He'll also talk about the importance of education to our economic growth and the importance of education to middle-class families and those families that aspire to the middle class. And he greatly believes that that's where the American people are, that's what their focus is, and that if Washington were to focus its energies on finding solutions to those challenges that face the middle class, that we could get some substantial things done.
The President gave a speech yesterday in Chattanooga -- a certain person's hometown -- that would be Steve Holland, right?
Q It was good to be there.
MR. CARNEY: Yes, and it was good to have you on the trip. But the President, in his speech in Chattanooga yesterday, as you know, Steve, spoke about a proposition he is making to Congress, to Republicans in Congress, that would essentially focus our energies from the grand bargain that we've debating now for a couple of years on deficit reduction and fiscal issues to a grand bargain for the middle class. And he's offering to install policies that would have our business tax code reformed and create benefits for business through that reform, and to use the one-time proceeds from that process to invest in infrastructure and development and manufacturing and education, in ways that will enhance -- strengthen the middle class, provide jobs to the middle class, and strengthen our overall economic growth.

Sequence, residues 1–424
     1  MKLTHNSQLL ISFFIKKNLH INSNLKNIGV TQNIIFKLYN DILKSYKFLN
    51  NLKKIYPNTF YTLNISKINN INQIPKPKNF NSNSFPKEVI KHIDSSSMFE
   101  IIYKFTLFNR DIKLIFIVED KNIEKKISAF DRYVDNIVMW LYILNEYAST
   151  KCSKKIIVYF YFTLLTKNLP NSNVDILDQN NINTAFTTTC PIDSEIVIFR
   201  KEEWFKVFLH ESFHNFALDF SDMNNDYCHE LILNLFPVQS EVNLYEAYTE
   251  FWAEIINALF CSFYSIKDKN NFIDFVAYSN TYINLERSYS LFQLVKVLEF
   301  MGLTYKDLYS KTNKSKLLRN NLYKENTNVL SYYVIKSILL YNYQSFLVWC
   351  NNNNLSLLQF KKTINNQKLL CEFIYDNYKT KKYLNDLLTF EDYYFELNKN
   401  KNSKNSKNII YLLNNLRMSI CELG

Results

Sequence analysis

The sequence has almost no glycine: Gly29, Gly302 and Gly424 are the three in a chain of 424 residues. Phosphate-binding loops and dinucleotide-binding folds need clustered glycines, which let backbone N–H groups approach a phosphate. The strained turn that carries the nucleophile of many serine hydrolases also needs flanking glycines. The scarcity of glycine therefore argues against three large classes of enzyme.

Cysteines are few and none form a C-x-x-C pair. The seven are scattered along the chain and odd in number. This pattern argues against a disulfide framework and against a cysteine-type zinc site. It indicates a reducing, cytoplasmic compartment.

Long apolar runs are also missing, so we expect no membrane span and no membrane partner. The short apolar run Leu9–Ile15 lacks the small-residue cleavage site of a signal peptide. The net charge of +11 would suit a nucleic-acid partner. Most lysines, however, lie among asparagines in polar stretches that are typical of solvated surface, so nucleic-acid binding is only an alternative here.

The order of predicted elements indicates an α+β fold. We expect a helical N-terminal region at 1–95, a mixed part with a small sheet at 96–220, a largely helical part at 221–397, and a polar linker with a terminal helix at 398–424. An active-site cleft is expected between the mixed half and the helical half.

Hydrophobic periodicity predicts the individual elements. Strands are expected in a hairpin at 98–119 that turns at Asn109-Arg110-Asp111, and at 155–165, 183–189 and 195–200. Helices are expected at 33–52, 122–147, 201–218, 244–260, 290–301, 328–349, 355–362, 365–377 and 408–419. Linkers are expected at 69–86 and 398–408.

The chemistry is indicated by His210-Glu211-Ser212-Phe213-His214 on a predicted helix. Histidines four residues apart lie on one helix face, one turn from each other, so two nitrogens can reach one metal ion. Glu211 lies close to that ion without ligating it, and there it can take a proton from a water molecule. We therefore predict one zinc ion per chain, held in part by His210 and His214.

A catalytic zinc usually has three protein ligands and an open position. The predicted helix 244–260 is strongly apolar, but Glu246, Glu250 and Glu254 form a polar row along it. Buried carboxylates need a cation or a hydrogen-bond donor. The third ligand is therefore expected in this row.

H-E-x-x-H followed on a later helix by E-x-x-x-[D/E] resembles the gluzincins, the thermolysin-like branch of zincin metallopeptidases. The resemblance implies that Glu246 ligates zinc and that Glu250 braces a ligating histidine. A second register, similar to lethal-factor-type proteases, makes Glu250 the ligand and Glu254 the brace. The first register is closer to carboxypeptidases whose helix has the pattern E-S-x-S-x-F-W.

And these are goals that he believes Democrats and Republicans share -- both the need to reform our business tax code and the need to invest in these important areas of our economy. And hopefully -- and we've seen some positive reaction, and hopefully we'll be able to move forward with that proposal. Because it doesn't mean that we can't or shouldn't continue to pursue a bigger deal on our deficit reduction issues, but we have obvious stalemates there when it comes to that and we should, even as we -- the President's offer is on the table when it comes to deficit reduction and a balanced approach to deficit reduction. We need to take action now on jobs and growth and opportunity for the middle class.
Q But given the reaction from the Republicans yesterday, isn't it going to be difficult to change hearts and minds in this area?
MR. CARNEY: Well, I don't think the reaction was universal. I mean, we did see some predictable reaction from some quarters, which is that anything the President proposes is instinctively opposed by some Republicans, often before the President actually gets the words out of his mouth in the proposition. And that's unfortunate.